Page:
Desktop Security Providers Unite Against Scareware

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It’s a common, somewhat frightening and potentially expensive experience: A user is on a Web site when a sudden pop-up alerts him that his computer is or may be infected with viruses and drives him to a site selling antivirus software.

A user may react by closing the pop-up and hoping it doesn’t happen again, or he or she may purchase the advertised software, as inadvisable as this might be. According to computer security firm Finjan, this practice, known as “scareware,” can net its practitioners as much as $10,000 a day. It’s not surprising, then, that this is a growing industry; a report released this past March by the Anti-Phishing Working Group found 9,287 bogus anti-malware programs in circulation in December 2008, a 225 percent rise from the beginning of the year.

“The reason people are falling victim to these types of fake antivirus products or alerts is because they don’t know what is good and bad,” said Melih Abdulhayoglu, CEO and chief security architect of computer security provider Comodo. “You have no means to verify that. In the real world, when you go to Home Depot [and] you buy a $5 padlock, even [that] comes with a standard, yet something as important as your desktop security has no standards whatsoever. That lends itself to people defrauding end-users by giving them any old rubbish — effectively giving them malware pretending to be an antivirus product.”

To address this, a new forum of security vendors has been established: the Common Computing Security Standards Forum (CCSS), which will allow users to protect themselves by compiling a list of legitimate antivirus vendors. Comodo is a member of CCSS.

The antivirus companies on the list either sell or distribute legitimate software intending to protect PCs from viruses, Trojans, zero-day attacks, worms, buffer overflows and other malware. The list will help users distinguish between beneficial software and online scams. “If you encounter an antivirus product, come to us [and] look at the forum to see whether it’s listed or not,” said Abdulhayoglu. “If it’s not listed, don’t buy [it].”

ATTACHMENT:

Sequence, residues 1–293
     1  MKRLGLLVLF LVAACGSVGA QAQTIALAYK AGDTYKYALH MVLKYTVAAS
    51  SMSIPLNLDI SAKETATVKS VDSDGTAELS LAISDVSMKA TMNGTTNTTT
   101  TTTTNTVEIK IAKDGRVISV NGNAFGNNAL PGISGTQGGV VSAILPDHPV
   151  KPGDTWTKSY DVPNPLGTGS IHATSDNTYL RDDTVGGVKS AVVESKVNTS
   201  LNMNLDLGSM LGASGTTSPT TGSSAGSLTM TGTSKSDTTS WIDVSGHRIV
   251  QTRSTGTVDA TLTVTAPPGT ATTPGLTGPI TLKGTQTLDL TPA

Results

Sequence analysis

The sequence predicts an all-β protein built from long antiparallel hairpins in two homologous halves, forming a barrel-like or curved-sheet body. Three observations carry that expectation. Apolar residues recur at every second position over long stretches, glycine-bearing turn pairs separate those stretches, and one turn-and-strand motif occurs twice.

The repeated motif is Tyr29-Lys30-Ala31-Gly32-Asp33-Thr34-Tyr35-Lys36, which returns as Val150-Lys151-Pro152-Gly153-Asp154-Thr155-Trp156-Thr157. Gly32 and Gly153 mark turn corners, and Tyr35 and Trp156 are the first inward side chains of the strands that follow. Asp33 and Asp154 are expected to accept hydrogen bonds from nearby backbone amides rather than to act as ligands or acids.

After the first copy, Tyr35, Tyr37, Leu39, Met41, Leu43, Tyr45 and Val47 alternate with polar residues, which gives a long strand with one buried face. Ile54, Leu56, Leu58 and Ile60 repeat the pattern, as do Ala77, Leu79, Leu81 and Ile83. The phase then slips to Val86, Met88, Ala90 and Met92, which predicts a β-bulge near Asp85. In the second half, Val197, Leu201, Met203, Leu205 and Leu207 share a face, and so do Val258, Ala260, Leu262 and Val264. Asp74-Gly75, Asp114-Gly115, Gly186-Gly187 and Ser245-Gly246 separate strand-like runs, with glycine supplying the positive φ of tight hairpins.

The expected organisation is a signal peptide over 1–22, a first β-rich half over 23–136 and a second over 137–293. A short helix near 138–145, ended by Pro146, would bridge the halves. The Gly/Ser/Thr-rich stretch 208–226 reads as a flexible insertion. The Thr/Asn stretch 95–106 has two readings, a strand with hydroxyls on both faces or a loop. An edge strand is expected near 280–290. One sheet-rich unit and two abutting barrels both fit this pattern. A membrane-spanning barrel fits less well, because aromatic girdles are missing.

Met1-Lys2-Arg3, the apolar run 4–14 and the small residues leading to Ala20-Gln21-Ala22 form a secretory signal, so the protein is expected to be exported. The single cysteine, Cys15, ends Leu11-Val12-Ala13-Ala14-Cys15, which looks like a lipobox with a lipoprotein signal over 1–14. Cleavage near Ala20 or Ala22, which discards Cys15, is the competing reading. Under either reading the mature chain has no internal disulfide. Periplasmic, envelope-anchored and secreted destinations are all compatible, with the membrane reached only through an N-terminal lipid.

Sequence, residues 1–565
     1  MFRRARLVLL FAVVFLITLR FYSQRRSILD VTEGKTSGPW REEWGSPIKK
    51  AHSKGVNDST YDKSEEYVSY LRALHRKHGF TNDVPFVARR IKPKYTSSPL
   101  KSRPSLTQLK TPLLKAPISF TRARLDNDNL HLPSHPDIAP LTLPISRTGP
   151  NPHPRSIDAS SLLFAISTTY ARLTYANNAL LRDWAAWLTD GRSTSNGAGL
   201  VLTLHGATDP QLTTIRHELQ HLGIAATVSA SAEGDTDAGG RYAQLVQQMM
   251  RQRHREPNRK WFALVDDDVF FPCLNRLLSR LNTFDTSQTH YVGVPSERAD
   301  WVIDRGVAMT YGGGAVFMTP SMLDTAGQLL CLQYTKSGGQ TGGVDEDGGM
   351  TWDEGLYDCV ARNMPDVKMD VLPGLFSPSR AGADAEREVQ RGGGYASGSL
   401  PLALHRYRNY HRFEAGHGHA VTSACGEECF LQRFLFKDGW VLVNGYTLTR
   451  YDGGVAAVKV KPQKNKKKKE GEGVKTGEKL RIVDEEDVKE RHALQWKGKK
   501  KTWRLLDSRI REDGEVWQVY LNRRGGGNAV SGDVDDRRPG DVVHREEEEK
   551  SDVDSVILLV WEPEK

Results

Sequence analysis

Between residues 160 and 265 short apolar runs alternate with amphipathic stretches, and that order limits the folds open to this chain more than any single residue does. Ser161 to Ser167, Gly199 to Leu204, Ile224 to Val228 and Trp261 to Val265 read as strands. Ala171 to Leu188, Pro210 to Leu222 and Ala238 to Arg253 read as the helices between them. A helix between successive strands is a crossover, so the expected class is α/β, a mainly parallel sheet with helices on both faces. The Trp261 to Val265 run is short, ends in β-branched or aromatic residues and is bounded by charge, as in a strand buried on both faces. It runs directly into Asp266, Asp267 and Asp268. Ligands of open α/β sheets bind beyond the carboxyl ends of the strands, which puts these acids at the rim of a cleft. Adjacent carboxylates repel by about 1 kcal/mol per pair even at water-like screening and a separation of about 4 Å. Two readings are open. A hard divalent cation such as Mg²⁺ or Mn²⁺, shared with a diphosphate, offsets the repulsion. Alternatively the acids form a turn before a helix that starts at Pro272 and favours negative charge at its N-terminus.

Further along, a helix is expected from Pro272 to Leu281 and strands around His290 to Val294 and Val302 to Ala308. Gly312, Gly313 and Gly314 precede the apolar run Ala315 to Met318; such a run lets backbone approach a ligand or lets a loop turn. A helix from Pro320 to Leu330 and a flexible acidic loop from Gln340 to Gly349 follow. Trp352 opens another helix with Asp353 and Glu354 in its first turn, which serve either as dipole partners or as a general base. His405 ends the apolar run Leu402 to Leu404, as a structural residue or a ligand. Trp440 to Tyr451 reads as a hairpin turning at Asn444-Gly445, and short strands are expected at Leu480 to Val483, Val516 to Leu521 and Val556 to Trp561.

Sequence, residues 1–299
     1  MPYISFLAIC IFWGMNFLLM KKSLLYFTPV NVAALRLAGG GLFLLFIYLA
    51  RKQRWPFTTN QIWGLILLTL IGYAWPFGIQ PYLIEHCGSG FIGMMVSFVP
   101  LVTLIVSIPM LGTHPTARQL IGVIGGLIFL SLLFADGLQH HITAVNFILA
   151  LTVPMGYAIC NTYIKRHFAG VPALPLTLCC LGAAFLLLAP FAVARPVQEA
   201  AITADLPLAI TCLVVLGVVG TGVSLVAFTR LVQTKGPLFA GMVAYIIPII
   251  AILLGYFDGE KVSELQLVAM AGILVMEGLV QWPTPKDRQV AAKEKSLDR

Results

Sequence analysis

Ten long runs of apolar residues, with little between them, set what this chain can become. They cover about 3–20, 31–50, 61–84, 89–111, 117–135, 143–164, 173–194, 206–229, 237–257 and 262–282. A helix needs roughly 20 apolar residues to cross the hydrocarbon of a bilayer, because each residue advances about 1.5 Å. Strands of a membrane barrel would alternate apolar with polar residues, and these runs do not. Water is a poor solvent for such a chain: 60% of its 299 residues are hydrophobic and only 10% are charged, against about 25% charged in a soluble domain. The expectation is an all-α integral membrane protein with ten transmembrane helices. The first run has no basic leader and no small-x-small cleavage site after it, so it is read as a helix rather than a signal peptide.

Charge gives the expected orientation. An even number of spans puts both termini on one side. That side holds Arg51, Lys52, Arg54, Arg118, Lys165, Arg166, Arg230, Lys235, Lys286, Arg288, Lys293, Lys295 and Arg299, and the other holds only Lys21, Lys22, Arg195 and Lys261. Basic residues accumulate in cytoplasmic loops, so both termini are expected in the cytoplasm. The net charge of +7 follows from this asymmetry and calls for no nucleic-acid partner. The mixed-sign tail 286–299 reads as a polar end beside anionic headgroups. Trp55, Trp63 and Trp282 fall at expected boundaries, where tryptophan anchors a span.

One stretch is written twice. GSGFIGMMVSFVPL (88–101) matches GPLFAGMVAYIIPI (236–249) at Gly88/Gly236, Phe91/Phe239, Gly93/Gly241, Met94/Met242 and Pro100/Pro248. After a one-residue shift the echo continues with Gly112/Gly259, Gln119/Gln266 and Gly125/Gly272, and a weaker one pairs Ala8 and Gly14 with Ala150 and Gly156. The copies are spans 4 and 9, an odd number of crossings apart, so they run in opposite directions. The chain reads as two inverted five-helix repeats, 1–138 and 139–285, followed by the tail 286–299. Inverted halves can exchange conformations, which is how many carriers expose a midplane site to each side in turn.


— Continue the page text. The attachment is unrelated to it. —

Abdulhayoglu termed this stage one of CCSS’s response to the problem. He described the next step: “We are pushing for standards and hopefully looking for ways for operating system providers to enforce those standards so that when you install an AV, your operating system should know it’s a legitimate AV.”

Reaction to CCSS has been felt internationally, with publications in the U.S., Europe and the Middle East linking to it to raise awareness of the need for accountability in the antivirus industry.

According to Abdulhayoglu, the original impetus behind CCSS was recognizing the essential role computers play in our daily lives and how security in this space is at times lacking.

“If you look at what we use our PCs for, it’s everything from our banking to our health care — computers have become an indispensible part of our lives,” he said. “[If] you go to a restaurant, what if they give you cyanide? Say you go to a hospital [and] they inject you with poison. There are rules against that — there are rules in real life against you being treated [wrong], yet in our digital life, we can be fed poison. Our digital life is totally insecure. That’s why it’s about time we start setting up some standards, and who’s going to make that happen? The whole desktop computer world gets together and does it themselves.”

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